### Abstract

The representation of objects in images as tree structures is of great interest to vision, as they can represent articulated objects such as people as well as other structured objects like arteries in human bodies, roads, circuit board patterns, etc. Tree structures are often related to the symmetry axis representation of shapes, which captures their local symmetries. Algorithms have been introduced to detect (i) open contours in images in quadratic time (ii) closed contours in images in cubic time, and (in) tree structures from contours in quadratic time. The algorithms are based on dynamic programming and Single Source Shortest Path algorithms. However, in this paper, we show that the problem of finding tree structures in images in a principled manner is a much harder problem. We argue that the optimization problem of finding tree structures in images is essentially equivalent to a variant of the Steiner Tree problem, which is NP-hard. Nevertheless, an approximate polynomial-time algorithm for this problem exists: we apply a fast implementation of the Goemans-Williamson approximate algorithm to the problem of finding a tree representation after an image is transformed by a local symmetry mapping. Examples of extracting tree structures from images illustrate the idea and applicability of the approximate method.

Original language | English |
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Title of host publication | Proceedings of the IEEE International Conference on Computer Vision |

Pages | 1132-1139 |

Number of pages | 8 |

Volume | II |

DOIs | |

Publication status | Published - 2005 |

Externally published | Yes |

Event | Proceedings - 10th IEEE International Conference on Computer Vision, ICCV 2005 - Beijing Duration: 2005 Oct 17 → 2005 Oct 20 |

### Other

Other | Proceedings - 10th IEEE International Conference on Computer Vision, ICCV 2005 |
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City | Beijing |

Period | 05/10/17 → 05/10/20 |

### Fingerprint

### ASJC Scopus subject areas

- Software
- Computer Vision and Pattern Recognition

### Cite this

*Proceedings of the IEEE International Conference on Computer Vision*(Vol. II, pp. 1132-1139). [1544848] https://doi.org/10.1109/ICCV.2005.100

**Finding tree structures by grouping symmetries.** / Ishikawa, Hiroshi; Geiger, Davi; Cole, Richard.

Research output: Chapter in Book/Report/Conference proceeding › Conference contribution

*Proceedings of the IEEE International Conference on Computer Vision.*vol. II, 1544848, pp. 1132-1139, Proceedings - 10th IEEE International Conference on Computer Vision, ICCV 2005, Beijing, 05/10/17. https://doi.org/10.1109/ICCV.2005.100

}

TY - GEN

T1 - Finding tree structures by grouping symmetries

AU - Ishikawa, Hiroshi

AU - Geiger, Davi

AU - Cole, Richard

PY - 2005

Y1 - 2005

N2 - The representation of objects in images as tree structures is of great interest to vision, as they can represent articulated objects such as people as well as other structured objects like arteries in human bodies, roads, circuit board patterns, etc. Tree structures are often related to the symmetry axis representation of shapes, which captures their local symmetries. Algorithms have been introduced to detect (i) open contours in images in quadratic time (ii) closed contours in images in cubic time, and (in) tree structures from contours in quadratic time. The algorithms are based on dynamic programming and Single Source Shortest Path algorithms. However, in this paper, we show that the problem of finding tree structures in images in a principled manner is a much harder problem. We argue that the optimization problem of finding tree structures in images is essentially equivalent to a variant of the Steiner Tree problem, which is NP-hard. Nevertheless, an approximate polynomial-time algorithm for this problem exists: we apply a fast implementation of the Goemans-Williamson approximate algorithm to the problem of finding a tree representation after an image is transformed by a local symmetry mapping. Examples of extracting tree structures from images illustrate the idea and applicability of the approximate method.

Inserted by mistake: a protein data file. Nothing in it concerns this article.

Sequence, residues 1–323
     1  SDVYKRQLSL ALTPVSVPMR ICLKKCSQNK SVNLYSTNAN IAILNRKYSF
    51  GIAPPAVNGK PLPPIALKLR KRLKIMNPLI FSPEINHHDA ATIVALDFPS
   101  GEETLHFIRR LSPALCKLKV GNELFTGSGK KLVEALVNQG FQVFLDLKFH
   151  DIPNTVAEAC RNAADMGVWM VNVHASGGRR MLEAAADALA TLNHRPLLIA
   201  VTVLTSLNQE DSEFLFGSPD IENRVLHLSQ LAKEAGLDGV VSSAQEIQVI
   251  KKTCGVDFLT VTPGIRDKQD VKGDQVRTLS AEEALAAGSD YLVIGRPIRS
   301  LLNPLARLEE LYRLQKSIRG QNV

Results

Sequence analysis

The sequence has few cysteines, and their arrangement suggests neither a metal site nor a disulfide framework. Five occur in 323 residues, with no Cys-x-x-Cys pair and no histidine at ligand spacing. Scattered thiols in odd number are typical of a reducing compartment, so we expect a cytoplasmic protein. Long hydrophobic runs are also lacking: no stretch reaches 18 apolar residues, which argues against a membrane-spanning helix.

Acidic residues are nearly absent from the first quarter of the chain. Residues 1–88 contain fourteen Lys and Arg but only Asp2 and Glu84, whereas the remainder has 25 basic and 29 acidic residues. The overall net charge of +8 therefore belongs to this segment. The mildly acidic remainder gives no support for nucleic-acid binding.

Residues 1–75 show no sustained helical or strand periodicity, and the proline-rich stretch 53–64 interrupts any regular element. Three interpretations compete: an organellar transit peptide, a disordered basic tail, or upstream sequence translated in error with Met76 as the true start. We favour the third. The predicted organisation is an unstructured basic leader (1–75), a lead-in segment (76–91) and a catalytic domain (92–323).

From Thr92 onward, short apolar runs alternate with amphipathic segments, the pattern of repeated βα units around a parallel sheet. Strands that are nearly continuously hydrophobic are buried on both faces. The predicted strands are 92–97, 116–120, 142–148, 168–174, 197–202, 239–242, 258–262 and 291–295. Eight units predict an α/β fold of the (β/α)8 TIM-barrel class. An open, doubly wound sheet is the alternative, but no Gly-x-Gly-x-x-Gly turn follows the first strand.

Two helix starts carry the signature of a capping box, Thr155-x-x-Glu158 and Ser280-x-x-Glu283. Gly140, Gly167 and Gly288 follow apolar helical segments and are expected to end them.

AB - The representation of objects in images as tree structures is of great interest to vision, as they can represent articulated objects such as people as well as other structured objects like arteries in human bodies, roads, circuit board patterns, etc. Tree structures are often related to the symmetry axis representation of shapes, which captures their local symmetries. Algorithms have been introduced to detect (i) open contours in images in quadratic time (ii) closed contours in images in cubic time, and (in) tree structures from contours in quadratic time. The algorithms are based on dynamic programming and Single Source Shortest Path algorithms. However, in this paper, we show that the problem of finding tree structures in images in a principled manner is a much harder problem. We argue that the optimization problem of finding tree structures in images is essentially equivalent to a variant of the Steiner Tree problem, which is NP-hard. Nevertheless, an approximate polynomial-time algorithm for this problem exists: we apply a fast implementation of the Goemans-Williamson approximate algorithm to the problem of finding a tree representation after an image is transformed by a local symmetry mapping. Examples of extracting tree structures from images illustrate the idea and applicability of the approximate method.

UR - http://www.scopus.com/inward/record.url?scp=33745929058&partnerID=8YFLogxK

UR - http://www.scopus.com/inward/citedby.url?scp=33745929058&partnerID=8YFLogxK

U2 - 10.1109/ICCV.2005.100

DO - 10.1109/ICCV.2005.100

M3 - Conference contribution

AN - SCOPUS:33745929058

SN - 076952334X

SN - 9780769523347

VL - II

SP - 1132

EP - 1139

BT - Proceedings of the IEEE International Conference on Computer Vision

ER -